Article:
Why couldn’t the narrator stop for Death in "Because I could not stop for Death?

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William Delaney eNotes educator| Certified Educator

I think many of us have the same attitude about dying. We know we are going to have to die someday, but right now isn't a good time because we have so many important things to do. Or at least we think they are important. But death comes when it will come whether we are ready for it or not. I think this is what the speaker means when she says she could not stop for Death. But death knew better than she did. He was kind enough to stop for her because he knew she was tired and needed the rest. She found that the things she thought were so important were not really important, and she found that the experience was very pleasant and that she had all the time in the world because she was immortal. The poem sounds as if it had been written by someone who had had a near death experience and as a result had a new perspective on death. People like this poem because it is comforting without being preachy. We don't have to worry about death because Death will take care of us in a kindly manner when the time comes.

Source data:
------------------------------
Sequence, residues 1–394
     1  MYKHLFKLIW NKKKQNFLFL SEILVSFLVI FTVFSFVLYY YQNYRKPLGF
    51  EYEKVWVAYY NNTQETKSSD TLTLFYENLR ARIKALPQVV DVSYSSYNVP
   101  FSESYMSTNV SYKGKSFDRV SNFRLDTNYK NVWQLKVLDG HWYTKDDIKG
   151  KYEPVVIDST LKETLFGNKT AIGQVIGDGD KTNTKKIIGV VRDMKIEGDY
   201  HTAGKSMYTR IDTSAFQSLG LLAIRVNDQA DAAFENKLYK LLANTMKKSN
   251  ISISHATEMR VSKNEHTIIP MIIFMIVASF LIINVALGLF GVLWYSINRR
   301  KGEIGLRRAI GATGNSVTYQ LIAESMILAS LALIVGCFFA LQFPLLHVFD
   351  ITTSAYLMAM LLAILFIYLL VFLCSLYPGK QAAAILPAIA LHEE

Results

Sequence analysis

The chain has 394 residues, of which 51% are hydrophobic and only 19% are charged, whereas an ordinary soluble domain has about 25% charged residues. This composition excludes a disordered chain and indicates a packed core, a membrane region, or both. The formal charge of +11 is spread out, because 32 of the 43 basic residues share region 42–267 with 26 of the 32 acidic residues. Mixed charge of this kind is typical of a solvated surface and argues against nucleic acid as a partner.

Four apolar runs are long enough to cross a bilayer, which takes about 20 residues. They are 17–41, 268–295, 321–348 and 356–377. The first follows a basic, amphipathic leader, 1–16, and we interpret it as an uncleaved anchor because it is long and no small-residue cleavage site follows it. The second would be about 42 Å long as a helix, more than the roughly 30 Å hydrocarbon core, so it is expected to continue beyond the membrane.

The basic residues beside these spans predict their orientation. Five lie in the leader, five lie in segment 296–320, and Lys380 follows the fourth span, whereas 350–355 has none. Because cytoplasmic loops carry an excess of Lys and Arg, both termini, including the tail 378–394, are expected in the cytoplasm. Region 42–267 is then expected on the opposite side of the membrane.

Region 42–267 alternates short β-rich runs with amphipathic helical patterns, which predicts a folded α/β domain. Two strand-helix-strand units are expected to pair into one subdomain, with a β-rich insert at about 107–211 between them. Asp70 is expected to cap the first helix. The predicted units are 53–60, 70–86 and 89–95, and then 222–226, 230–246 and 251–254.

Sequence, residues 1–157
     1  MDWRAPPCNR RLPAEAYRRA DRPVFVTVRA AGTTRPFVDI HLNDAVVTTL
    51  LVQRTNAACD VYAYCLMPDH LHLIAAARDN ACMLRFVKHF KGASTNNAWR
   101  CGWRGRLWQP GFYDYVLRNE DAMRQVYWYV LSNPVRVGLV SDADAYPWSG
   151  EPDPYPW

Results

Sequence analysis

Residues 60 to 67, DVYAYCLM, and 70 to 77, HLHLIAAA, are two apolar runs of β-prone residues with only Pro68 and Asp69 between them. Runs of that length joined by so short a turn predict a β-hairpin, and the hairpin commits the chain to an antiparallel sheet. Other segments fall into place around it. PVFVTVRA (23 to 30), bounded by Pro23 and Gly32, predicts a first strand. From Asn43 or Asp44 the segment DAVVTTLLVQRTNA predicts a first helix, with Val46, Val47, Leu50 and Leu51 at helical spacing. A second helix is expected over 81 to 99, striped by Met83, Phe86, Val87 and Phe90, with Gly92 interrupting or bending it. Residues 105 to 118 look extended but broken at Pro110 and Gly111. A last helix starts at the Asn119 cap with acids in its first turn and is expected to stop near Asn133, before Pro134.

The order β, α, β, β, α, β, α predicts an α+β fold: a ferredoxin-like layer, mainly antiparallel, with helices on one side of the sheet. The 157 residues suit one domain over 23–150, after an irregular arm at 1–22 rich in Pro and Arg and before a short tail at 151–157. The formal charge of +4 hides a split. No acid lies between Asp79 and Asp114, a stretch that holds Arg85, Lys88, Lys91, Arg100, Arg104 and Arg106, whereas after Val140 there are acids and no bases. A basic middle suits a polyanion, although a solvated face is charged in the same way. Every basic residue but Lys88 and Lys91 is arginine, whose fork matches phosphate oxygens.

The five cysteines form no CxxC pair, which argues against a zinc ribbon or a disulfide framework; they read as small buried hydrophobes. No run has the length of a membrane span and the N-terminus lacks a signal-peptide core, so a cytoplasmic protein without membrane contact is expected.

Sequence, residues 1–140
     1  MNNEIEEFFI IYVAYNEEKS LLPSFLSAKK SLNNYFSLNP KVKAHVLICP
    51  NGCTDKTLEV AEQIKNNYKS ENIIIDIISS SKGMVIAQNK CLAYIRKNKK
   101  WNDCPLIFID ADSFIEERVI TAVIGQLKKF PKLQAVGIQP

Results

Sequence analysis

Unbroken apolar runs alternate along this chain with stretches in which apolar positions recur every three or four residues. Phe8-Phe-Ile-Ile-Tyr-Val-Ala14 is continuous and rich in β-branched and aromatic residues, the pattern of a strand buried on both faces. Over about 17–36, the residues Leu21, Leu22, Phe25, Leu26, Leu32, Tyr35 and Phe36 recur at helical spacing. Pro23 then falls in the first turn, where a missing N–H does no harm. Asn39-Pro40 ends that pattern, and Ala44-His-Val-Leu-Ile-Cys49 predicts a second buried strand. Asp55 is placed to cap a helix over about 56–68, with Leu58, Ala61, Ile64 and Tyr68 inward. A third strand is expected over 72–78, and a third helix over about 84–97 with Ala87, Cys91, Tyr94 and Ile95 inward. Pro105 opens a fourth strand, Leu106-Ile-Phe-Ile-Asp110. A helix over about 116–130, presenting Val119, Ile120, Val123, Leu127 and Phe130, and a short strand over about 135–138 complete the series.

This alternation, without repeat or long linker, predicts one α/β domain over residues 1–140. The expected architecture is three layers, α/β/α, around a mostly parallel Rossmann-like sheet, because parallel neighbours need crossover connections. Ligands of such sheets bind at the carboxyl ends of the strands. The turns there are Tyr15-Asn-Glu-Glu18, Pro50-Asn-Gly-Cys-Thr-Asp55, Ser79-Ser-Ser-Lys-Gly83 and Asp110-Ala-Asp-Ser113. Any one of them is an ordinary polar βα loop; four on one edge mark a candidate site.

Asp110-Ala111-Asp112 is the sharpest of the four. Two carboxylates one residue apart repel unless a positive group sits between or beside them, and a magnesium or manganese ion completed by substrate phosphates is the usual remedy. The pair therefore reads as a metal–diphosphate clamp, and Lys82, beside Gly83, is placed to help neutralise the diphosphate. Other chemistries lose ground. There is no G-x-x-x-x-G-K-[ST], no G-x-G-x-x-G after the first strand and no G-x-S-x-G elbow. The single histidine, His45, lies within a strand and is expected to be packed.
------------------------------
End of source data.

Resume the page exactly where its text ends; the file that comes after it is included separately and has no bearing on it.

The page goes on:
Leo Tolstoy's moving novelette The Death of Ivan Ilyich (1886) ends on a note very similar to Emily Dickinson's poem. Ivan Ilyich discovers in his last moments that there is nothing to fear of death.

He sought his former accustomed fear of death and did not find it. "Where is it? What death?" There was no fear because there was no death. In place of death there was light. "So that's what it is!" he suddenly exclaimed aloud. "What joy!"


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